Title: Privacy Expectations and Violations between Users

Advisor: Yoshi Kohno

Supervisory Committee: Yoshi Kohno (Chair), Edward Mack (GSR, Asian Languages & Literature), Alexis Hiniker (iSchool), Katharina Reinecke, and Michael Calo (Law School)

Abstract: 

Users are quick to adopt new technologies and accept changes in existing technologies. However, by using these new technologies, users may expose themselves to a variety of security and privacy risks. Researchers have studied and developed best practices to mitigate security and privacy threats due to technical vulnerabilities, threats that may arise from powerful, knowledgeable, or privileged adversaries, and vulnerabilities caused by user error.
Another category of privacy risk, which may be especially salient to users, is risks that result from information that is freely available to other users. I refer to these expectations and violations of privacy between users as ``peer-to-peer (P2P) privacy.''

P2P privacy concerns have surfaced in previous research studies but have not yet received sufficient attention. Although the repeated emergence of P2P privacy concerns in security and privacy studies across a variety of domains suggests that it is an important topic to address, these concerns may be viewed dismissively by both users and researchers. It is likely that the majority of P2P privacy concerns rarely manifest in privacy violations, and the privacy violations that do occur may generally lead to relatively minor harms such as embarrassment or social awkwardness.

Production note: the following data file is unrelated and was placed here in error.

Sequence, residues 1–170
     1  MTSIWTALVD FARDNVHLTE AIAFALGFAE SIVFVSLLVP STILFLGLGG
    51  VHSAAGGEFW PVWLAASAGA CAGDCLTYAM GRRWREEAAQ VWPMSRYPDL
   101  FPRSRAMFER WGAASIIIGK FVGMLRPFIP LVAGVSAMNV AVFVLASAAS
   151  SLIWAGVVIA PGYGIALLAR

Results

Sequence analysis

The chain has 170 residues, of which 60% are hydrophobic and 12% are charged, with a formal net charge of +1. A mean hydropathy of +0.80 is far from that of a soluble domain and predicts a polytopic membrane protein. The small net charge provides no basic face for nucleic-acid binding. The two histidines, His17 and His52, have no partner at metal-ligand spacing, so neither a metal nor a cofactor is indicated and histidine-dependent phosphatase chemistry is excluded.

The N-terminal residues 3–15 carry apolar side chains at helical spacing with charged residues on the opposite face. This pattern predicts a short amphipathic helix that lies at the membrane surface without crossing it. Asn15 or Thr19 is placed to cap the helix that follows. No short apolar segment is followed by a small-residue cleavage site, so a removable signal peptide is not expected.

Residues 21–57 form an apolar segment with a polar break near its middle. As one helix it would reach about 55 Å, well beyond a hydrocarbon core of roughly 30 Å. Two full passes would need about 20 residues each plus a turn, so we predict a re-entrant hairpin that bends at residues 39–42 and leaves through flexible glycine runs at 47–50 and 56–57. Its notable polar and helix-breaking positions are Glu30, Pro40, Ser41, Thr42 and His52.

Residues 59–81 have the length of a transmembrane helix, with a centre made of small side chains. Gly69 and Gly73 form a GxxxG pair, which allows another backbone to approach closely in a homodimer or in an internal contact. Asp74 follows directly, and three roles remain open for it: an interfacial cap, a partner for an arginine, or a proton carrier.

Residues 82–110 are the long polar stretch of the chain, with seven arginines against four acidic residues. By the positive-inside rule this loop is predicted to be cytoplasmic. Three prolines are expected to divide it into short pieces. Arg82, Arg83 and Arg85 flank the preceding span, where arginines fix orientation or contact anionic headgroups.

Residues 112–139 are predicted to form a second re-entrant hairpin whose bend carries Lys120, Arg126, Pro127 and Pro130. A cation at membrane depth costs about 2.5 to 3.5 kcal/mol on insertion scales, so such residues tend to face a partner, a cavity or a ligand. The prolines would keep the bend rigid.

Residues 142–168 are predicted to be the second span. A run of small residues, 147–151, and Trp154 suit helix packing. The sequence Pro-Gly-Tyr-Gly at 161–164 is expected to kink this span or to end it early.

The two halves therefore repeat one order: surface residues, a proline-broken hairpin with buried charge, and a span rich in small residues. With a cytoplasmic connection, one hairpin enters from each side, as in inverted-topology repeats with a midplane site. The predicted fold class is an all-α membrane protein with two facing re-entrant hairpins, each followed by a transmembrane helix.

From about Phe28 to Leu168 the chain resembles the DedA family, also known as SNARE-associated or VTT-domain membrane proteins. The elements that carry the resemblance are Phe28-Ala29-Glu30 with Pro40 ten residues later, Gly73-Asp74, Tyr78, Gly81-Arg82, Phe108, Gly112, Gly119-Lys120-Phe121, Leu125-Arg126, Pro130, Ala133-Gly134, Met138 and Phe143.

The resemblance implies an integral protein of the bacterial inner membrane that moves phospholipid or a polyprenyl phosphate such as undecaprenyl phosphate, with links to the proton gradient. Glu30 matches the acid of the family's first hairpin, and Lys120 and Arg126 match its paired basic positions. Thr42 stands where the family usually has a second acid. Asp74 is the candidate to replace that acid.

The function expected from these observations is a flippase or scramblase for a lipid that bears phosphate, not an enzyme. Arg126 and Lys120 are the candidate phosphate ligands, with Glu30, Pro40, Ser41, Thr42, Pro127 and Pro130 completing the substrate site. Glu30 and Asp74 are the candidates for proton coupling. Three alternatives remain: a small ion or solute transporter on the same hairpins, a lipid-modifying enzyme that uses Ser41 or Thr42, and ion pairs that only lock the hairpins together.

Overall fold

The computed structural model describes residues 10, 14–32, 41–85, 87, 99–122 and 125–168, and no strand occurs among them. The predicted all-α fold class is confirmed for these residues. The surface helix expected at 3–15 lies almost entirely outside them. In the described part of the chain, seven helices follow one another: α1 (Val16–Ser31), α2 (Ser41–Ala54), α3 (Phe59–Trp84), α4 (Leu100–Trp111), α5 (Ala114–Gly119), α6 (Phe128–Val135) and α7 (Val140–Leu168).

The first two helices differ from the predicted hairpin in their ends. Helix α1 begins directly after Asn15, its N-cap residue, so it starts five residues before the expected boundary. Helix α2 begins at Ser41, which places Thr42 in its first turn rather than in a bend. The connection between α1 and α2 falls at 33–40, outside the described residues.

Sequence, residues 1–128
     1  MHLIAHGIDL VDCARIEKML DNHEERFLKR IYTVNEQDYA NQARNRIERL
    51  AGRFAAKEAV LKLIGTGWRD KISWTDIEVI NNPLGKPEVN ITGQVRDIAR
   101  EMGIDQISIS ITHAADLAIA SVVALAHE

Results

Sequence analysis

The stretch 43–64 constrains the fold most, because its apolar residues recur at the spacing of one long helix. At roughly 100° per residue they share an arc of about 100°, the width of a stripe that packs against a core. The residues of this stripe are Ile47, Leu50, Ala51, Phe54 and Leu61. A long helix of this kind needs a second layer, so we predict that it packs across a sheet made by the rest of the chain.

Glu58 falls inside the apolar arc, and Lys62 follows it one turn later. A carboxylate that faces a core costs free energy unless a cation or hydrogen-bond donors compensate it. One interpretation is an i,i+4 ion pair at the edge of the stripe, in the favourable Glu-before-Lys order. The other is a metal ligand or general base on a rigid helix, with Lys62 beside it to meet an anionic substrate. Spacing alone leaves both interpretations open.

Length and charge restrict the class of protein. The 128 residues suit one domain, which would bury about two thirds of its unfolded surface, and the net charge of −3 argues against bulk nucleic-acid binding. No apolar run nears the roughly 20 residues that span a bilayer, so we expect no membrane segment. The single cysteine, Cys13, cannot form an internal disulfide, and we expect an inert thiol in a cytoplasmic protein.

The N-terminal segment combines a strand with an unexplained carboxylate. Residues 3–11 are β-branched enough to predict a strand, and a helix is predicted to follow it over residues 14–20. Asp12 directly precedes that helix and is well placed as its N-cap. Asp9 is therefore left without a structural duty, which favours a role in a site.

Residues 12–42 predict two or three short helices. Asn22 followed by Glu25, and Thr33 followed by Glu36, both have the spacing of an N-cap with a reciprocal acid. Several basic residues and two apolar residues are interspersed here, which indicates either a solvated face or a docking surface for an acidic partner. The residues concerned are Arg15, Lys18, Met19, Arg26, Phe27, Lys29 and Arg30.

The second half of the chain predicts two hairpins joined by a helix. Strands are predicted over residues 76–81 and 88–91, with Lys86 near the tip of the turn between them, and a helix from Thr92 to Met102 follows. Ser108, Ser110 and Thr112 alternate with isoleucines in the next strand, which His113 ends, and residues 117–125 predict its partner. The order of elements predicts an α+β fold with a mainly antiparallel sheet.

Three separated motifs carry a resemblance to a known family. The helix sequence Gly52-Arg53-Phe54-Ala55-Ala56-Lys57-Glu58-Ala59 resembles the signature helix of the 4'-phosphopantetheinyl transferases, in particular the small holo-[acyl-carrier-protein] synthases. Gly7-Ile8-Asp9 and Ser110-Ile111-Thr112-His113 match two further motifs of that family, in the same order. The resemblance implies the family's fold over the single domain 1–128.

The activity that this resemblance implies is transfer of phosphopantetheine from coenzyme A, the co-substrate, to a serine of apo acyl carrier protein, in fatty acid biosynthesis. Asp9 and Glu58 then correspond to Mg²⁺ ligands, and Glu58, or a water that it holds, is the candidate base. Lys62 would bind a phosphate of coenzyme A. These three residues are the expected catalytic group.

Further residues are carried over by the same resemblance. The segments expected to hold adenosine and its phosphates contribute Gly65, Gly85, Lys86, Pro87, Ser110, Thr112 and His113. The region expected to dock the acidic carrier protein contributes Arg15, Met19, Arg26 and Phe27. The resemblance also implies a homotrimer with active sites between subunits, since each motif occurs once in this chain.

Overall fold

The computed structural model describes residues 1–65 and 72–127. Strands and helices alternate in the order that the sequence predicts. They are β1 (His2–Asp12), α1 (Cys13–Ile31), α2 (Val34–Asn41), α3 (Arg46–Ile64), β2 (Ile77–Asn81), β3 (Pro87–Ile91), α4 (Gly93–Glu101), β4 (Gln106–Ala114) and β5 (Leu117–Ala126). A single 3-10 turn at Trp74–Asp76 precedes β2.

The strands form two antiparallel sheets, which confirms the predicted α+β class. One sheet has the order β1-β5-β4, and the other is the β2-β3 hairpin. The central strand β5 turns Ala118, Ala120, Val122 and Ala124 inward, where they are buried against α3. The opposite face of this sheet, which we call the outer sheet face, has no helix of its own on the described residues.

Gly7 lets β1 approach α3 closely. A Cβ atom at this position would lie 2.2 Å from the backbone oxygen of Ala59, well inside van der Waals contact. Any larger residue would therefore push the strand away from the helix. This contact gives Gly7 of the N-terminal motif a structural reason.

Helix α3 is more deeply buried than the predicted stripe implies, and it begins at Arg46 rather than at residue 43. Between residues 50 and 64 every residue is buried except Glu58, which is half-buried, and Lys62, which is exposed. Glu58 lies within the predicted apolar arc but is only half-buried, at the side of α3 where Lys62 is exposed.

I believe this is nevertheless an important topic to explore. Even when users express P2P privacy concerns dismissively, they reveal that they have devoted mental and emotional energy to thinking about these risks. Additionally, P2P privacy violations may not be harmless in all circumstances; for users with certain personal characteristics or within specific types of interpersonal relationships, P2P privacy violations may pose a very serious threat.

In this dissertation proposal, I give additional context and examples of P2P privacy risks in social and communications systems, define a principal hypothesis and supporting hypotheses to narrow the focus of my dissertation, outline one completed project and one in-progress research project that have informed my understanding and contributed to these hypotheses, detail additional research I plan to complete before I graduate, suggest directions for future work that I will not be able complete during my dissertation timeline, and summarize the anticipated contributions of my work.

Place: 
CSE 203
When: 
Wednesday, March 7, 2018 - 14:00 to 16:00